New Viewpoints in American History

New Viewpoints in American History

New Viewpoints in American History

New Viewpoints in American History

Excerpt

Most adult Americans of today gained their knowledge of American history before the present generation of historians had made perceptible progress in their epoch-making work of reconstructing the story of our past in the light of their new studies and investigations. Signs of a renaissance of American historical writing began to be evident as early as the decade of the eighties of the last century. The new interest in historical and social phenomena was shown, for instance, in the founding of the American Historical Association, the American Economic Association, the American Statistical Association and the American Academy of Political and Social Science during that decade, followed shortly after by the formation of the American Political Science Association, the American Sociological Society and the American Society of International Law. American history, which had formerly been envisaged as a record of arid political and constitutional development, began to be enriched by the new conceptions and fresh points of view afforded by the scientific study of economics, sociology and politics. Influences from abroad also played their part, particularly the notable work of John Richard Green, A Short History of the English People (1874), with its revisions and enlargeU+ 00AD ments. Quickened by these new impulses, historians began to view the past of America with broadened vision and to attain the power of seeing familiar facts in new relationships.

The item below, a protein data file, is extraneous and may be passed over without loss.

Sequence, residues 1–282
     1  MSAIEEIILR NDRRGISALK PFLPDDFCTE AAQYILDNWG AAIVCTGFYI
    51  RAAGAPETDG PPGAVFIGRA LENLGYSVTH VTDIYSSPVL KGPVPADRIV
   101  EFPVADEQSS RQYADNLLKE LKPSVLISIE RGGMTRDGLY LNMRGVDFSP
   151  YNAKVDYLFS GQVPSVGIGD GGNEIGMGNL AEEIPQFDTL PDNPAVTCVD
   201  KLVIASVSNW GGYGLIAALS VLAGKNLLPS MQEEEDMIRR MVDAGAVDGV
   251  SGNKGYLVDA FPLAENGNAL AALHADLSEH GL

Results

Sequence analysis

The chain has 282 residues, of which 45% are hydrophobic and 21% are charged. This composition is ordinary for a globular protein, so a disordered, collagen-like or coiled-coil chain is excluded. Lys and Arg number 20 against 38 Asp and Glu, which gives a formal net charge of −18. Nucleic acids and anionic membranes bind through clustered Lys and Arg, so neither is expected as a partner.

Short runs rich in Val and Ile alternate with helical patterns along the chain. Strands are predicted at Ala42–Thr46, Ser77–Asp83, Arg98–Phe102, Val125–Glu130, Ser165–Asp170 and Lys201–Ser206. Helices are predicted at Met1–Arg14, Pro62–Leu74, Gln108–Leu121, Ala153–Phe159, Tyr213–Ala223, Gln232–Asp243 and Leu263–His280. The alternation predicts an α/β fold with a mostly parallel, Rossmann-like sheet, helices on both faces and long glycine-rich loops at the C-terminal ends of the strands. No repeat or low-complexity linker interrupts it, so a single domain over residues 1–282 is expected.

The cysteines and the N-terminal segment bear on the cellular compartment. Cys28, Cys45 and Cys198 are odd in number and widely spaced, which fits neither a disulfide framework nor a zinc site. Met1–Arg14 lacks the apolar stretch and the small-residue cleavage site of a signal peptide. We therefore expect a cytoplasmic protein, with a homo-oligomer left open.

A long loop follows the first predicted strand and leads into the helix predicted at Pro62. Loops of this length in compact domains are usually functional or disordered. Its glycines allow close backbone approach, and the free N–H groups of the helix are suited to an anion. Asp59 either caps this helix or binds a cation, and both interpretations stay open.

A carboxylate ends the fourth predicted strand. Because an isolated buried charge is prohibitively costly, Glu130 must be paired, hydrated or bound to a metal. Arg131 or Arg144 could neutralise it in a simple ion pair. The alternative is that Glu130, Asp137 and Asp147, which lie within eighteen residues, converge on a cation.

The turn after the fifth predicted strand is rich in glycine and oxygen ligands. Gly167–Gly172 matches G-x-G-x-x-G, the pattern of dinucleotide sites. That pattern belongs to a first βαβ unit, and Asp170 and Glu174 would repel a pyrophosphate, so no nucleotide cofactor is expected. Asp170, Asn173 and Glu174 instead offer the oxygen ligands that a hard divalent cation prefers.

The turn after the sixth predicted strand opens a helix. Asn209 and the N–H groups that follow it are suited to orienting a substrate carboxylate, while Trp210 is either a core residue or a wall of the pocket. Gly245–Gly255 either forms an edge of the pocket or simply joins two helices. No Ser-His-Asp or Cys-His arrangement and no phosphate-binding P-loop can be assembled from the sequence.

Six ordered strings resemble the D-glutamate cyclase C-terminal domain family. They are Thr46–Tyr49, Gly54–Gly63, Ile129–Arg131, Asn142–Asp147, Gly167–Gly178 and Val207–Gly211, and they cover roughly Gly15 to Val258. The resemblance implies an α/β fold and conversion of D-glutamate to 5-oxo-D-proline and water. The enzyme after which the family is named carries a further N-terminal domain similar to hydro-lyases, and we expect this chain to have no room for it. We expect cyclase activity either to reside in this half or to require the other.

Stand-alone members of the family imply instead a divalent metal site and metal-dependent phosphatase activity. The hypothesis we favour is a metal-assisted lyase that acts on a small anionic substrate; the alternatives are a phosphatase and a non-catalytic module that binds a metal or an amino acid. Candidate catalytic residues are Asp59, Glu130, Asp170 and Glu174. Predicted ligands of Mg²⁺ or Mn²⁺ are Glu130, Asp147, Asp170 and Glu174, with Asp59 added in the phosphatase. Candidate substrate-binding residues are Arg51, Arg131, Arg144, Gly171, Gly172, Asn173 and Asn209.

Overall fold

The change did not take place overnight. Historical students in the nineties made important contributions toward . . .

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